Republic Wireless takes Wi-Fi virtual with Devicescape deal
Date: July 13, 2012

By Kevin Fitchard, GigaOM

When Republic Wireless launched last November it promised to deliver reams of data, voice, and SMS to its customers using a hybrid cellular-Wi-Fi network model. As a mobile virtual network operator it buys wholesale minutes from Sprint, but to keep its costs low it directs as much voice and data as possible to Wi-Fi. To support that kind of business model, though, Republic needed access to a lot of Wi-Fi nodes, and now we know the source.

Republic has been working in with virtual hotspot provider Devicescape for nearly a year. It is officially announcing the deal Friday, but their relationship goes back to September when Republic started loading Devicescape’s consumer app into its pre-launch Android smartphones, Devicescape CEO Dave Fraser confirmed.

Devicescape calls its network virtual because it doesn’t actually own or manage any of the hotspots it connects to. Instead it relies on its freely available smartphone and PC software to crowdsource information on more than hundred million open access points globally. Devicescape then curates that data, selecting only the speediest, and most reliable nodes, which it then offers up to consumers and its carrier customers as a virtual network.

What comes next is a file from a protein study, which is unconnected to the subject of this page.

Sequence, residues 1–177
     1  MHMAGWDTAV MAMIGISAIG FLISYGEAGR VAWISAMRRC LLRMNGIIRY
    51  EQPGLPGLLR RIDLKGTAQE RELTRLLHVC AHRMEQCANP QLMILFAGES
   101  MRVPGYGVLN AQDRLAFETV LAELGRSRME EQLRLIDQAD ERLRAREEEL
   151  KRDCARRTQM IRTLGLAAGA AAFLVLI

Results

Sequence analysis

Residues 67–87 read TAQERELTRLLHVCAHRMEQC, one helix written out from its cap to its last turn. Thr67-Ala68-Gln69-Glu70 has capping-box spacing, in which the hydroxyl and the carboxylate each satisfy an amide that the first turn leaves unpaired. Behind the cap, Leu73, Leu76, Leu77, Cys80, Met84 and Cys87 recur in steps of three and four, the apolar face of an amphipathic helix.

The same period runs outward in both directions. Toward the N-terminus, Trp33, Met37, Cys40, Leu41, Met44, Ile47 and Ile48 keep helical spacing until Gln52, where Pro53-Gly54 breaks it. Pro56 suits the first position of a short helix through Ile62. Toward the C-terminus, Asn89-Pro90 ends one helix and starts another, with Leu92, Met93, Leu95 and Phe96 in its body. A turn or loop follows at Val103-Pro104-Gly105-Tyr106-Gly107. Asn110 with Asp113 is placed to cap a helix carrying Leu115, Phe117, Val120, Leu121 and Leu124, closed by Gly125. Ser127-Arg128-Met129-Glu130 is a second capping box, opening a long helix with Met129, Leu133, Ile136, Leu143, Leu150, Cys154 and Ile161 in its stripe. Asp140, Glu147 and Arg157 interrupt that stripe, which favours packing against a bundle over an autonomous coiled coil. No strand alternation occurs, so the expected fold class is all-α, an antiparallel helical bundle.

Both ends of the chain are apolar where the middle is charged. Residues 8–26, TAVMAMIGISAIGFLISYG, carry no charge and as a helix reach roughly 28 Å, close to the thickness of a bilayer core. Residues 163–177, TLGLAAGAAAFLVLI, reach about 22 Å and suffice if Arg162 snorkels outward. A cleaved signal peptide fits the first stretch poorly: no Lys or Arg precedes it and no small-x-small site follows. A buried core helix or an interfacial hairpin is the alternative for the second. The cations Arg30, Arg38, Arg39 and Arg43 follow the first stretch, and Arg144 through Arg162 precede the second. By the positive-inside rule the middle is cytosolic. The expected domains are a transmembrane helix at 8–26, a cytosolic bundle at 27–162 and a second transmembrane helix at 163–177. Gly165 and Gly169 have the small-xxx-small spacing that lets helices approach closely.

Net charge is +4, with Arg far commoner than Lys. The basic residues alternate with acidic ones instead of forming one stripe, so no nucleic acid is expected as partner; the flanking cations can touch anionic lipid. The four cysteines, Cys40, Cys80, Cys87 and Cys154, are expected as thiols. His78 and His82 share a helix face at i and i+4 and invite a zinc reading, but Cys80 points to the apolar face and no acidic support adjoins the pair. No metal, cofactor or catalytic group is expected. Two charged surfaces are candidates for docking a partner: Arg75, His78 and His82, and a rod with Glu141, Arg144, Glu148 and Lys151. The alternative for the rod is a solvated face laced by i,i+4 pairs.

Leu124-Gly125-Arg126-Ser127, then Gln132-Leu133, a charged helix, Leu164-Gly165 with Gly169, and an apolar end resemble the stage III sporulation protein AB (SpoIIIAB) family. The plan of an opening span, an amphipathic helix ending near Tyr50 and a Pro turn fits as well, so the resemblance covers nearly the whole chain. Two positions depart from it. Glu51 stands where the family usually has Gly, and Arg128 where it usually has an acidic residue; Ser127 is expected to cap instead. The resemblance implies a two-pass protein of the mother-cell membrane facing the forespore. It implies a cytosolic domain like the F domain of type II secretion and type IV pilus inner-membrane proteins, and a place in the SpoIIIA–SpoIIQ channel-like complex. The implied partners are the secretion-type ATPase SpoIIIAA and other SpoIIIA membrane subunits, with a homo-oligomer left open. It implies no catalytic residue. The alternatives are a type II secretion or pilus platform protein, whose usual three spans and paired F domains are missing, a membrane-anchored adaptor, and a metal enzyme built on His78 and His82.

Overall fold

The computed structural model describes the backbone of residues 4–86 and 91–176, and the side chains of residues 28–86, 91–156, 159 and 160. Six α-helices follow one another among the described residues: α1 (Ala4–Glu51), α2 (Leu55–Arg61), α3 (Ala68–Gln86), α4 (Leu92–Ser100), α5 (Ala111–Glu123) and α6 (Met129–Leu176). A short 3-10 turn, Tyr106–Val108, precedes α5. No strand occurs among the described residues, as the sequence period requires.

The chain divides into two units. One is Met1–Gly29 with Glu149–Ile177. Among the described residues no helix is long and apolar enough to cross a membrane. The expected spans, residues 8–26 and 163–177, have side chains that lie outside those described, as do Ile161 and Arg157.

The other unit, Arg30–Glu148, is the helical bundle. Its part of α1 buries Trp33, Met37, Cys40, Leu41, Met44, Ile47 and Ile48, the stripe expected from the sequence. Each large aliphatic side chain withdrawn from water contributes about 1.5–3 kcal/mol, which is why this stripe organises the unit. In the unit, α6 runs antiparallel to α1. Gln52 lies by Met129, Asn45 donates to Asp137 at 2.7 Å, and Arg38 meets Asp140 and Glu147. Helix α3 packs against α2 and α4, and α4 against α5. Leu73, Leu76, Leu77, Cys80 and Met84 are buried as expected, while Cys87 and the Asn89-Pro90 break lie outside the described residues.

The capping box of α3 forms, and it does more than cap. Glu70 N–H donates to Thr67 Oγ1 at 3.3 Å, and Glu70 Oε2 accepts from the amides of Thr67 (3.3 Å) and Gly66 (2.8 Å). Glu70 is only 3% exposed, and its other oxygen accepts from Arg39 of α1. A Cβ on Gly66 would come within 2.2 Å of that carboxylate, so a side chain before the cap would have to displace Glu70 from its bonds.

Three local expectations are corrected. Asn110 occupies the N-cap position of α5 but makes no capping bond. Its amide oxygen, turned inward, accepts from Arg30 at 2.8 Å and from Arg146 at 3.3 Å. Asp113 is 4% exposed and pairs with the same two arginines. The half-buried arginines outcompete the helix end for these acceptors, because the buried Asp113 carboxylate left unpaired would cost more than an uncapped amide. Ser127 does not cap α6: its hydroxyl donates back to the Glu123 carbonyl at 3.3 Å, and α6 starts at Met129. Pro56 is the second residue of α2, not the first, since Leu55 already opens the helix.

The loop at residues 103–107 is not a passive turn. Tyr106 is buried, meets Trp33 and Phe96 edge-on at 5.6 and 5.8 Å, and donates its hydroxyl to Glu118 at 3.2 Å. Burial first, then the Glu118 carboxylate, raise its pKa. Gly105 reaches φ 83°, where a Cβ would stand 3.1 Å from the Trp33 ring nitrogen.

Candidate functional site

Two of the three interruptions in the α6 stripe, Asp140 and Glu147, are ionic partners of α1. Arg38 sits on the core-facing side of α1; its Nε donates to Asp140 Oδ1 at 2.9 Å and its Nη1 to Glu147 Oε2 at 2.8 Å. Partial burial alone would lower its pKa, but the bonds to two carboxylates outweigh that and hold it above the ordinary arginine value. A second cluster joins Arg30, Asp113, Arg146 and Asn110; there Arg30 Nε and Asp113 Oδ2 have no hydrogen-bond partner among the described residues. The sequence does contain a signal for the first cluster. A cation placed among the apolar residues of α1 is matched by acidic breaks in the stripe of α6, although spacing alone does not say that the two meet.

Currently Devicescape has more 8.6 million access points in its network. Luckily for Republic, the vast majority, 7.8 million, are in the U.S. where its crowdsourcing pool is concentrated. That gives Republic quite a lot of Wi-Fi to work with. In comparison, AT&T, the most aggressive carrier in the U.S. when it comes to Wi-Fi, has only 30,000 hotspots.

After experimenting with the croudsourced consumer app at launch, Devicescape made its carrier-grade client available to Devicescape on a trial basis early this year, shortly after Republic started offering true unlimited data plans. Now Republic has decided to buy the whole enchilada. Republic will gain access to Devicescape’s analytics and be able to manage the virtual network directly. For instance, Fraser said, Republic wants to prioritize high-performance access points that can support its VoIP calling software.

Perhaps the biggest benefit for Republic, though, will be in mobile data offload. Fraser said that in areas where it has a high density of nodes it can shunt about half of all smartphone traffic off of cellular and onto Wi-Fi. Fraser wouldn’t go into details about its rates, but considering the actual access is free they have to be a lot lower than Sprint’s.

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